--Martin T. Focazio on the wwwac mailing list, Sunday, 12 Jan 2006 10:38:54

Thursday, April 13, 2006
Recall that mixed content is identified with #PCDATA. Without consulting 8879, let me attempt to paraphrase. What does PCDATA stand for? "Parseable Character Data". And what is CDATA, "Character Data" that isn't parseable. The fact that it's locked inside the <![CDATA[ section means that normally active characters (like & and <) are not active.

--Norman Walsh on the xml-dev mailing list, Sunday, Feb 8, 2005 14:28:09

Wednesday, April 12, 2006
Although about 3 million computers get sold every year in China, people don't pay for the software. Someday they will, though. And as long as they're going to steal it, we want them to steal ours. They'll get sort of addicted, and then we'll somehow figure out how to collect sometime in the next decade.

--Bill Gates
Read the rest in How Piracy Opens Doors for Windows

Tuesday, April 11, 2006
Those who belong to subscription services such as Napster or Rhapsody have it worse. Music rented from these services arrive in the WMA DRM 10 format, and it takes extra processing power to ensure that the licenses making the tracks work are still valid and match up to the device itself. Heavy DRM not only slows down an MP3 player but also sucks the very life out of them. Take, for instance, the critically acclaimed Creative Zen Vision:M, with a rated battery life of up to 14 hours for audio and 4 hours for video. CNET tested it at nearly 16 hours, with MP3s--impressive indeed. Upon playing back only WMA subscription tracks, the Vision:M scored at just more than 12 hours. That's a loss of almost 4 hours, and you haven't even turned the backlight on yet.

--James Kim
Read the rest in MP3 Insider: The truth about battery life

Monday, April 10, 2006

In XML, data can have an elaborate and intricate structure that is significantly richer and more complex than a table of rows and columns. Calling this semi-structured is misleading, just as it would be to describe DNA molecules as semi-structured because they are less simply regular than those of table salt. XML seeks to make possible capturing and expressing the structure of the data as we understand it, without forcing it into a too-simple structure.

Defining what counts as a valid document requires a definition language richer than that provided by relational systems. In a typical technical manual, lists and paragraphs may appear at the same level, but some documentation departments require that at least two paragraphs must appear between any two lists. This is easy to define using regular expressions or similar tools from formal language theory; it is not straightforward to define using mechanisms such as those of SQL schemas.

--C. M. Sperberg-Mcqueen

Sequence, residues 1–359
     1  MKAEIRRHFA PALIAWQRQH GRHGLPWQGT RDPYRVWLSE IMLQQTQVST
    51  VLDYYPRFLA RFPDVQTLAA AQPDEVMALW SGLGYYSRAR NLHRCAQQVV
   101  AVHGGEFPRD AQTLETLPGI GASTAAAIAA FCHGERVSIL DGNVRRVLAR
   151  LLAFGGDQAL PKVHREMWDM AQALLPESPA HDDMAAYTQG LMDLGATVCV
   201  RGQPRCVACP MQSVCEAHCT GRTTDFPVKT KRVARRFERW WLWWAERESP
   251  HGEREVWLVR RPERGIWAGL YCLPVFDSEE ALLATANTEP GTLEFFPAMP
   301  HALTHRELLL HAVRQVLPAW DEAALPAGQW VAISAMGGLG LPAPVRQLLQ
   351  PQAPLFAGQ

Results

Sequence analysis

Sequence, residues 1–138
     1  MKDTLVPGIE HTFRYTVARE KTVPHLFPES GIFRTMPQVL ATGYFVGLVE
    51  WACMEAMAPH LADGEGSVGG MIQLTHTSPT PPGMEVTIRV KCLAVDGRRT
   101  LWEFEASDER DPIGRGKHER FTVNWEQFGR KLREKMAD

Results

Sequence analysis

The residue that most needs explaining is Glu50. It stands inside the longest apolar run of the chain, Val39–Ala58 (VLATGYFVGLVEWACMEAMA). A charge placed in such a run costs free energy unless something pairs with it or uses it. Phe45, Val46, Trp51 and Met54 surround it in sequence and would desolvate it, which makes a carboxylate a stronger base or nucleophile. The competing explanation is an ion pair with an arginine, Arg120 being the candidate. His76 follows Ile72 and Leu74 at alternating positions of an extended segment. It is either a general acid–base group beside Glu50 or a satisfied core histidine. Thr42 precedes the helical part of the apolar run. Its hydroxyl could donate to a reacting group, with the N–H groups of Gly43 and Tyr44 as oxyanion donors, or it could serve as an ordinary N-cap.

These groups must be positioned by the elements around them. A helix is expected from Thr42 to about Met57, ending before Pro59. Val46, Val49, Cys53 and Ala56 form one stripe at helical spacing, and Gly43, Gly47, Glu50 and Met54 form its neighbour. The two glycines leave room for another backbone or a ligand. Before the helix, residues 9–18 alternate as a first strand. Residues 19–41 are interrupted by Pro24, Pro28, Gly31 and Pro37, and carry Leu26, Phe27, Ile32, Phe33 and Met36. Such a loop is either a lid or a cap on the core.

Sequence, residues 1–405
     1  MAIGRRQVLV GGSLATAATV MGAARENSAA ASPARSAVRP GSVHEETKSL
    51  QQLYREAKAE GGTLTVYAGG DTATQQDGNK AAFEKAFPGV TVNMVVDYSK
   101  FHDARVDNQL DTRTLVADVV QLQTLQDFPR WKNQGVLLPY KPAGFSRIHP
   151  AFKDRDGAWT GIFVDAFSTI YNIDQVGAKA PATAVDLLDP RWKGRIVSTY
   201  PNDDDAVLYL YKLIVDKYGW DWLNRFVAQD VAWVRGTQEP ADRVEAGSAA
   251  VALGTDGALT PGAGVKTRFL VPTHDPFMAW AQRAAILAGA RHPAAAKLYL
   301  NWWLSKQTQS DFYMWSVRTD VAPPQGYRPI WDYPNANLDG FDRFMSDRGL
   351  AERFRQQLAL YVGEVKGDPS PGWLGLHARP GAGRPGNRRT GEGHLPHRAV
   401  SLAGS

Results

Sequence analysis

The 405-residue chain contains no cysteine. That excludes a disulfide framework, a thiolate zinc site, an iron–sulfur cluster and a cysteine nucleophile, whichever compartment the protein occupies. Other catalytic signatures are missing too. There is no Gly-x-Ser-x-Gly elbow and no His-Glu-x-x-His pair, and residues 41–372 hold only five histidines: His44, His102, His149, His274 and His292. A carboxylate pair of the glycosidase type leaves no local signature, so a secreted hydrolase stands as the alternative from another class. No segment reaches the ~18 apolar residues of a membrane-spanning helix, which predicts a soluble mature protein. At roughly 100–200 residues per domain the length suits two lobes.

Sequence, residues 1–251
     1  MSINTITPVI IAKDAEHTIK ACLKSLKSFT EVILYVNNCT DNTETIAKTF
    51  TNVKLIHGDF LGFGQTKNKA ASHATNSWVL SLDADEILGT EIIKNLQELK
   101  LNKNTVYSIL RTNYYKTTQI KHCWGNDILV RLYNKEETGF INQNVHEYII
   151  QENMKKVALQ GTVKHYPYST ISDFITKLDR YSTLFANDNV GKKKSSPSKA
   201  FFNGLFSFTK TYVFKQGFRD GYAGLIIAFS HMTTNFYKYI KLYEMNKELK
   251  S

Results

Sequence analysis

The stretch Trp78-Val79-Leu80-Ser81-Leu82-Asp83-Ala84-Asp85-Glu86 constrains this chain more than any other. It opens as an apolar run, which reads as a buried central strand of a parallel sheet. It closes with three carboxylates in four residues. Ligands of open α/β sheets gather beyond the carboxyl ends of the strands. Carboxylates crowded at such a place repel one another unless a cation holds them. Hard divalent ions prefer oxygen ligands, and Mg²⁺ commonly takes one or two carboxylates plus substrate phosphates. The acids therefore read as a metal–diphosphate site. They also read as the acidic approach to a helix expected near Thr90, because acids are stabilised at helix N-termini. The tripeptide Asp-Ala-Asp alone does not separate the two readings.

Read the rest in ACM Queue - XML and Semi-Structured Data - What role can XML play in solving the semi

Sunday, April 9, 2006
The incompatibilities between "XPath 2.0 in 1.0 mode" and "XPath 1.0" are now tiny. One is that the construct "A<B<C" is no longer supported (in 1.0, it doesn't mean what you think it means), another is that number("1.0e0") now gives you the number 1 rather than NaN.

--Michael Kay on the xom-interest mailing list, Friday, 7 Jan 2005 10:52:05

Saturday, April 8, 2006

I think there is a basic operational problem in XML Schemas: it is designed with a kind of "dynamic discovery" model. So when you find the root element, you start looking for the schema that matches that namespace, if there is @xsi:type you don't look at the element name you look at the type name, and you look up the type names when you need them and don't signal an error if they are found and not needed, and type attribution is performed in the context of the current namespace-branch: top-down.

This notional processing model is very consistent, but schema-compiling or schema-using toolkits prefer/require that the schema is known, fixed, closed (i.e. no wildcards) and complete.

--Rick Jelliffe on the xml-dev mailing list, Monday, 02 May 2005 20:28:20

Friday, April 7, 2006
Teachers teach the kids? Give me a break. Give any kid an electronic game and the first thing they do is throw away the manual and the second thing they do is use it.

--Nicholas Negroponte
Read the rest in Negroponte: Slimmer Linux needed for $100 laptop | CNET News.com

Thursday, April 6, 2006
I've been working a lot lately with mixed XML/Javascript frameworks, and curiously enough, the more complex the applications become, the more that they in fact begin to resemble ... well, XForms. You have one or more XML data stores that can represent anything from a personal schema to a description for an entire set. You have a series of bindings that determine the boundaries and secondary processing of data between components, you have event notifiers that get passed from object to object in a subscription oriented framework. All of these facets, and more, are critical pieces of the XForms space.

--Kurt Cagle
Read the rest in Why XForms Matter, Revisited

Wednesday, April 5, 2006